Titration with a primary standard

1. Wear all the protective attire required and make sure that all the equipment is collected and is thoroughly cleaned with distilled water leaving it dirt free, so that the chemicals being used will not be contaminated during the experiment.

2. Determine the mass of the weighing boat and then weigh out 0.265g g of dry Na2CO3. Record actual mass used to nearest 0.01 g. Transfer the solid to a 250 ml Erlenmeyer flask, rinse the weigh paper (or weighing bottle) into the flask with a small amount of distilled water and dissolve the solid with 25 ml of distilled water. Using a stirring rod, stir the solid and water in the beaker to dissolve, adding more water is necessary.

3. Transfer carefully the solution to the 250cm3 volumetric flask (pouring the solution down the funnel to avoid spillage). Rinse the beaker three times to make sure all the solution goes into the volumetric flask, each time pouring the solution down the stirring rod to rinse it.

4. Carefully make up the solution to about 1cm of the mark on the neck of the flask using distilled water.Insert the stopper and shake to mix the contents.

5. Using a dropping pipette, add enough distilled water to bring the bottom of the meniscus on the mark. Now, mix it thoroughly, by turning the volumetric flask upside down twice, to ensure complete mixing

6. Clean and check the flow rate of the burette .

Setting and Determination of the flow rate:

Put a 25 ml graduated cylinder underneath the end of the tubing. Turn on the air pump, and collect a certain volume (e.g., 20 ml) of the titrant in the cylinder. Measure the required time (t). Calculate the flow rate (F) as follows:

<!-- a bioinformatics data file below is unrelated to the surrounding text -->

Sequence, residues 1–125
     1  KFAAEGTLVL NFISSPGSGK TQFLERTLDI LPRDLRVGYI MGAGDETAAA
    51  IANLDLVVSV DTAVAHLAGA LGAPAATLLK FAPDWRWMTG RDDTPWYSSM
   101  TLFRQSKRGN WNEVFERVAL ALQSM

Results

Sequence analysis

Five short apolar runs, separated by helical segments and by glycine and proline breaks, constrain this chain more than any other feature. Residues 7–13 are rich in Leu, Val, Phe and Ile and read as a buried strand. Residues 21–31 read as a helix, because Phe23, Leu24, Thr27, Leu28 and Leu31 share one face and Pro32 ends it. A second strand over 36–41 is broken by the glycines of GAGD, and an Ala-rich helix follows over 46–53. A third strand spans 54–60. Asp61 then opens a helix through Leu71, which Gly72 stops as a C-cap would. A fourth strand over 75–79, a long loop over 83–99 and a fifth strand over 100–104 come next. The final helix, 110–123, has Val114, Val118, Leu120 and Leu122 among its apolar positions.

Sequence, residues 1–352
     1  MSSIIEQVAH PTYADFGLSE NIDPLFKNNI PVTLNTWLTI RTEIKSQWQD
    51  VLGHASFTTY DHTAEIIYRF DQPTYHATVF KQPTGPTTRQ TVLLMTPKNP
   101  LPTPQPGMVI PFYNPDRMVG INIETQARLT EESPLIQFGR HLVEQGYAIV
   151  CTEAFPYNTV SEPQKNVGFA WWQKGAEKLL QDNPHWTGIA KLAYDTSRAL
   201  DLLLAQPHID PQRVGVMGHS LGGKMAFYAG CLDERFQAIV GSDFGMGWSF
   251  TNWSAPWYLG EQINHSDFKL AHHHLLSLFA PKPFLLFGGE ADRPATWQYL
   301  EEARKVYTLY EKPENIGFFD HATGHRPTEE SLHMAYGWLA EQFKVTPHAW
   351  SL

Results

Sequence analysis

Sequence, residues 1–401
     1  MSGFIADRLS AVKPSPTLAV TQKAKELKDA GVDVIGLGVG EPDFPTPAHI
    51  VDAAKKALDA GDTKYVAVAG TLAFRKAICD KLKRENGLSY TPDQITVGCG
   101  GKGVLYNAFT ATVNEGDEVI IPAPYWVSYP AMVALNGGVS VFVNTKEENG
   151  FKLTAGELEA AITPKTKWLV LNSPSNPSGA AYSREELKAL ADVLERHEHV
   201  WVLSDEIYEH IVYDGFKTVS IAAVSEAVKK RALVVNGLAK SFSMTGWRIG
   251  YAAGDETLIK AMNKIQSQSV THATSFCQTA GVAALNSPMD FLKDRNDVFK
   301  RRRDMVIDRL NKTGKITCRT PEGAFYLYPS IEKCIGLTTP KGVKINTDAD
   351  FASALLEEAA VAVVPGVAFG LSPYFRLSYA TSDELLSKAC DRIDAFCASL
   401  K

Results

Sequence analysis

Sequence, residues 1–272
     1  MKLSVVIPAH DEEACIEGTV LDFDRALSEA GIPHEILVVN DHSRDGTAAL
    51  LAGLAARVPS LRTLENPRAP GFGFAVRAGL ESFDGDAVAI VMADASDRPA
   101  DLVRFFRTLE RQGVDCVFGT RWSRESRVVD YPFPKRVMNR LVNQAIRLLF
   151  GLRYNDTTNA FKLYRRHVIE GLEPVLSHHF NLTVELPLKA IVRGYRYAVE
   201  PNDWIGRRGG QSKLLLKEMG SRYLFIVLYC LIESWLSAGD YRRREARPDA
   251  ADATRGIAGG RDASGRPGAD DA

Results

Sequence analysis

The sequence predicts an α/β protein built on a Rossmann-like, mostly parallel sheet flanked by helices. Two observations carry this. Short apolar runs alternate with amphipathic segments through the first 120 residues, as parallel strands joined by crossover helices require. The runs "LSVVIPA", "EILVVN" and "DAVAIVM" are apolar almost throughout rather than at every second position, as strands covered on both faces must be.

F= V(ml) / t (s)

A flow rate of about 1-3 ml/min (0.0166-0.05 ml/sec) is appropriate Do not change the settings once you have measured the flow rate.

7. Rinse the burette 3 times with 5 ml of the 0.1M H2SO4 solution to be titrated. Discard the rinses. With the stopcock open and over a beaker, begin filling the burette with 0.1M H2SO4 solution. Close the stopcock once the tip is draining and the volume is above the stopcock. This will prevent bubbles from forming in the stopcock during the filling process. Finish filling the burette to within a few ml of middle mark i.e near the 25ml mark for 50ml burette. Record this volume as the initial volume in the titration. (Note that this is not the volume of liquid in the burette.)


Clamp the buret into the buret clamp when you are not using them. (See picture below left.) When you clamp the burets in, make sure they are veritcal. The picture below right shows a buret being clamped in crooked at first, but then corrected to be clamped in vertically.

The clearly labelled buret clamped vertically into the buret clamp.

Clamping the buret into the buret clamp. Notice that the buret goes in crooked at first, but is then corrected so that it is vertical.

Before filling and using the burets, you should thoroughly clean the burets so that liquid will not cling to the sides as the burets are drained during the titration experiment (since this would introduce error into your volume measurements). The teflon stopcock of the buret should first be removed from the end and the inside of the buret barrel should be scrubbed with detergent and a buret brush. The buret should then be rinsed thoroughly with tap water to remove all traces of detergent and then rinsed thoroughly with distilled water. (These steps are illustrated below).

A dirty buret. Notice the liquid clinging to the sides. This will introduce error into your volume measurements. Liquid should drain cleanly from the sides if the inside of the buret is clean.

The teflon stopcock should pull out easily from the end of the buret. Remove the stopcock before cleaning the buret.

Scrub out the barrel of the buret with detergent and a buret brush.